Palaeographical Importance of Nandinagari


Jun 13, NEW DELHI, INDIA (SUN) — A useful script for those engaged in textual study of Madhva Vaisnava and other sastric works.

Nandinagari script is the western variety of the archaic Nagari script of northern India. Nandinagari is also found in the inscriptions and manuscripts available in the western part of a few southern states; for example, south Maharashtra, Karnataka and Andhra Pradesh. That is why Nandinagari is also known as southern variety of Nagari.

Origin Nandinagari is a descendent, as all indigenous scripts of India and Southeast Asia are, of the Brahmi script. This script was developed through various stages. It is closely related to northern Nagari which took its identifiable shape as early as the tenth century A.D. The modern Devanagari, which is now used for writing and printing Sanskrit, Hindi, Nepali, Rajasthani and Marathi, is a refined and standardized form of old or archaic Nagari script. Most probably, since the refined Nagari is used for writing Sanskrit which is venerated as devabhasha (language of divinities), it is called ‘Devanagari’.

Nandinagari has never been used for printing and hence it lacks the necessary refinement and standardization. Nevertheless, its importance in the areas of epigraphy can’t be ignored. There are innumerable manuscripts written in Nandinagari, covering vast areas of knowledge, such as Vedas, philosophy, religion, science and arts. These are preserved in the manuscript libraries, particularly those in the southern regions of the country.


It is difficult to present any exact etymological meaning of the name ‘Nandinagari’. The first part of the term ‘nandi’ is rather ambiguous in the present context. It may mean ‘sacred’ or ‘auspicious’ (cf. Nandi verses in Sanskrit drama). Nandi is the name of Lord Siva’s brisha vahana (bull vehicle). Nandi bull is widely worshipped in the South, particularly in Karnataka. As a matter of fact, the sculpture of Nandi bull has become a cultural symbol of Karnataka. The name ‘Nandinagari’ may, therefore, mean ‘a script which is prevalent in a region where Nandi bull is venerated’. The second constituent of the term, that is ‘nagari’, indicates that Nandinagari is a variety in the family of Nagari. It is quite probable that first the Saivites adopted the Nandinagari script and thereafter it was accepted by Vaisnavites as well.

Epigraphical Use

As regards the period of epigraphical use of Nandinagari, it may be said safely that Nandinagari is found to have been used since the tenth century A.D. But the script of a few inscriptions of much earlier time (say, 6th, 7th and 8th century A.D.) may be identified as archaic form of Nandinagari.

As regards the epigraphical use of the Nandinagari script, it may be mentioned that majority of the inscriptions, particularly the Sanskrit ones, of the period of Vijayanagara Empire are inscribed in Nandinagari. A. C. Burnell held that Nandinagari was used exclusively for writing on palm leaf. This view is supported by Shivaganesha Murthy also. But the existence of innumerable inscriptions in Nandinagari invalidates this view altogether. We can only say that, there developed two types of Nandinagari, slightly differing from each other - one used in the inscriptions, inscribed with chisel and the other used in palm leaf manuscripts written with the help of stylus. Obviously the latter type is rather cursive.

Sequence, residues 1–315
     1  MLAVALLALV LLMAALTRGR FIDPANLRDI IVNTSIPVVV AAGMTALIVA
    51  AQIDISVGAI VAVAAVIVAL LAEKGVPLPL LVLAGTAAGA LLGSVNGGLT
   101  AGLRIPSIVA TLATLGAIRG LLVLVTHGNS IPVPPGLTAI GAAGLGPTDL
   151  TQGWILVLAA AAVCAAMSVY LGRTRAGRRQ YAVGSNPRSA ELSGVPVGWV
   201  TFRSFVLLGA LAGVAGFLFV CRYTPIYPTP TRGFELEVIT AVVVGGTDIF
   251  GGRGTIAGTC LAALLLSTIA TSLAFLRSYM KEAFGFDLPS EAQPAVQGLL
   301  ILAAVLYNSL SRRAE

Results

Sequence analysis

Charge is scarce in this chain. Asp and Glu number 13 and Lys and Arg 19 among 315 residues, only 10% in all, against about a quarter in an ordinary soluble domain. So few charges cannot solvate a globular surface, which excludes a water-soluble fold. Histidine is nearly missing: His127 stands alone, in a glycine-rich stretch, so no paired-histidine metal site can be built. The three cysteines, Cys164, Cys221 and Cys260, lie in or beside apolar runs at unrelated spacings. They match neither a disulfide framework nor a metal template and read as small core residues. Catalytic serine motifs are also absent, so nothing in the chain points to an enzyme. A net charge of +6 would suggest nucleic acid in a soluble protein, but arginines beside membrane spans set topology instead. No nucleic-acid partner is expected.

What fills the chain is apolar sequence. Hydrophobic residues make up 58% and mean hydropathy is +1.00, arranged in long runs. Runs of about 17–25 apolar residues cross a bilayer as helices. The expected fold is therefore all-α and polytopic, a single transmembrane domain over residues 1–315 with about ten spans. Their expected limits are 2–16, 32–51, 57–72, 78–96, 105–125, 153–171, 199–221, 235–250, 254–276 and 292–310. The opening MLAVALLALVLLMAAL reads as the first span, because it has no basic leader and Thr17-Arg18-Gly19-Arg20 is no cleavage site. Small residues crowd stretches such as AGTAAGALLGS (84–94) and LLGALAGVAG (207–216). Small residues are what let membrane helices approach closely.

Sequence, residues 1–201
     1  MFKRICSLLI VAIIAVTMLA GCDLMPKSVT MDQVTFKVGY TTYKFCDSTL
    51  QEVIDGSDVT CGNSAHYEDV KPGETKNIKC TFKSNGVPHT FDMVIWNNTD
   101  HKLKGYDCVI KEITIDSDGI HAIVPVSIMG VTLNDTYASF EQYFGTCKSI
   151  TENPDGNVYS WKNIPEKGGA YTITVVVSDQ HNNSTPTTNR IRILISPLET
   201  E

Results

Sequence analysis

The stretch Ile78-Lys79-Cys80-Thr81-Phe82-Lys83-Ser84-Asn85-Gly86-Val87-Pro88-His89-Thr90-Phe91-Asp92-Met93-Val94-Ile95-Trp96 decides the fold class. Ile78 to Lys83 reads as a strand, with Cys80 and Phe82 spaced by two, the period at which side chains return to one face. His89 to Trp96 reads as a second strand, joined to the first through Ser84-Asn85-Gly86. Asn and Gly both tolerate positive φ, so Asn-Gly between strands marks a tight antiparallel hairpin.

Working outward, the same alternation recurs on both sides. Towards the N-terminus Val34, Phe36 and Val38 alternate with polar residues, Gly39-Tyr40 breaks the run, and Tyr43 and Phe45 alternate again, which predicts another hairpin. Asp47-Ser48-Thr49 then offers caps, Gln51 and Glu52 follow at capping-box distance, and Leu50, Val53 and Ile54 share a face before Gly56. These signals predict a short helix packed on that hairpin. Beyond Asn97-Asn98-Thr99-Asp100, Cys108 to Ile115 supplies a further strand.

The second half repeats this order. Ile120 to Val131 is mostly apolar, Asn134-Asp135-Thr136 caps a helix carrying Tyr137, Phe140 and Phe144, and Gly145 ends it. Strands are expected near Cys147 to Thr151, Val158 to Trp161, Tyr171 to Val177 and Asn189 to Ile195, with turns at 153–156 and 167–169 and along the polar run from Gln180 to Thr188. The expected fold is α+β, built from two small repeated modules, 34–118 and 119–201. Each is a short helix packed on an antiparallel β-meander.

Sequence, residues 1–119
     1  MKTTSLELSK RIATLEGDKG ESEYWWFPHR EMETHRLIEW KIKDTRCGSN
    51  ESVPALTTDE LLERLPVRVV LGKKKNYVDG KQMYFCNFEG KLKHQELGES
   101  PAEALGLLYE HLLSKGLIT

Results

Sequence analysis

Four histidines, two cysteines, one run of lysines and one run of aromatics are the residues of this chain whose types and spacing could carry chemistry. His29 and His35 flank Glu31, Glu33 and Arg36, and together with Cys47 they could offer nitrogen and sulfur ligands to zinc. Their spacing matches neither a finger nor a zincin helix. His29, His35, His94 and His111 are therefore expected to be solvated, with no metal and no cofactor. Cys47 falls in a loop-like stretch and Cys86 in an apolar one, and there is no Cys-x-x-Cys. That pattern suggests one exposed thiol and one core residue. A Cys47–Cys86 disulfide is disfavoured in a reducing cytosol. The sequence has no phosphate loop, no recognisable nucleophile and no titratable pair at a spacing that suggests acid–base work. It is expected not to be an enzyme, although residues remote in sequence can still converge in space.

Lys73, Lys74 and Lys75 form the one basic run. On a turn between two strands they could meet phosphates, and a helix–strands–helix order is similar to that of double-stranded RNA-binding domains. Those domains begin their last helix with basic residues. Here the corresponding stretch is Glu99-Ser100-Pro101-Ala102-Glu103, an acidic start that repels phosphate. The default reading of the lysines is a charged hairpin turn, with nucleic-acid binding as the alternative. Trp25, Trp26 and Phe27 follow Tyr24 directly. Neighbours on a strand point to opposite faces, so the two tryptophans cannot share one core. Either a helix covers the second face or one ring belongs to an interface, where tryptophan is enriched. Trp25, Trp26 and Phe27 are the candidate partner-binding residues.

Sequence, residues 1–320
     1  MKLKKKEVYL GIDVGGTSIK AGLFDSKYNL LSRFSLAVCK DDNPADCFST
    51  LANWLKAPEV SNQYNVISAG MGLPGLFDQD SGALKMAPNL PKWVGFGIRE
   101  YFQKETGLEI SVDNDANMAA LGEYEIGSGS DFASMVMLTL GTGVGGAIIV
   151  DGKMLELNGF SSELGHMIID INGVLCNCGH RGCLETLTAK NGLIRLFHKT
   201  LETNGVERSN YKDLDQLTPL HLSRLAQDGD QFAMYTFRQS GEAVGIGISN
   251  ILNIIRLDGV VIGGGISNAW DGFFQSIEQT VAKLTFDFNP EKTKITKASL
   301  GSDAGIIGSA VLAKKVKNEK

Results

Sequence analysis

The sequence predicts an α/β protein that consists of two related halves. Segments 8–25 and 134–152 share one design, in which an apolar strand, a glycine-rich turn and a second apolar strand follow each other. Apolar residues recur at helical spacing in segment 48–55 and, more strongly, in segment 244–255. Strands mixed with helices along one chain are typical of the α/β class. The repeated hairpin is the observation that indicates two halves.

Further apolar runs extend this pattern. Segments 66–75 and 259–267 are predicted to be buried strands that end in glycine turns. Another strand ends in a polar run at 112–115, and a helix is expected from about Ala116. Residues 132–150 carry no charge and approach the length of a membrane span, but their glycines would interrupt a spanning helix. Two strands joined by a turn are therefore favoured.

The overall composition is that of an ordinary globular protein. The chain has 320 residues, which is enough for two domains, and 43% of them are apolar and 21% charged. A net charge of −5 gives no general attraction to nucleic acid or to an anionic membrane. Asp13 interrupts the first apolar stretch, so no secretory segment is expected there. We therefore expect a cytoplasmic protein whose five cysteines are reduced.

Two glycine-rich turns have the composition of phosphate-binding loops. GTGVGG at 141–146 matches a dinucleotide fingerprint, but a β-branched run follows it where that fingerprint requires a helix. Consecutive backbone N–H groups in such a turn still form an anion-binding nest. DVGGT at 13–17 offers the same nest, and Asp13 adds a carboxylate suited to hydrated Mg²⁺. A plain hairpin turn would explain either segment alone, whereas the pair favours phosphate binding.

Some of the modern epigraphists opine that Nandinagari is less legible. But this view is also not correct. To one, who can read the Nagari of medieval inscriptions and manuscripts, Nandinagari is perfectly legible and transparent. It seems to be practical to furnish a chart of the basic letters of the Nandinagari alphabet before discussing the characteristics and variations of the script. The characters are given below:

The system of adding medial vowels in Nandinagari closely resembles that of Nagari. Here are a few examples:

It may be noticed from the chart that the difference between Nandinagari and Devanagari in the style of adding medial vowels is found only in one case. That is in adding the short-i where the vertical stroke (f) is present in Devanagari it is missing in Nandinagari. The other small difference is in adding long-u. In Nandinagari a slanting tie is added at the bottom of the letter, whereas in Devanagari a cursive loop (w) is found.

Since the Nandinagari script was never been standardized, and it had been used in a vast area during a long period of several centuries, obviously variations in forms in case of a few letters could be discerned.

The constituents and ligatures in conjunct consonants in Nandinagari are easily identifiable as they are in Devanagari. There are, however, a few exceptions. Though Nandinagari script is no longer in vogue, neither for printing nor for writing, no scholar of Sanskrit language and literature can afford to remain ignorant of this script. For the students of Indian epigraphy and palaeography, learning Nandinagari is a must. It is also proved to be very useful for those who are engaged in in-depth textual study of Virasaiva and Madhva Vaisnava works. Nandinagari is helpful in another way: one who is proficient in it can read or learn Jain Nagari script with less effort.

Satkari Mukhopadhyaya is the former Coordinator, Kalakosa Division, Indira Gandhi National Centre for the Arts, New Delhi

Note: Scholars interested in reading inscriptions and manuscripts in Nandinagari may refer the book: Visalakshi, P., Nandinagari Script, Thiruvananthapuram, Dravidian Linguistic Association, 2003.

Source: Kriti-rakshana, publication of the National Mission for Manuscripts, India.


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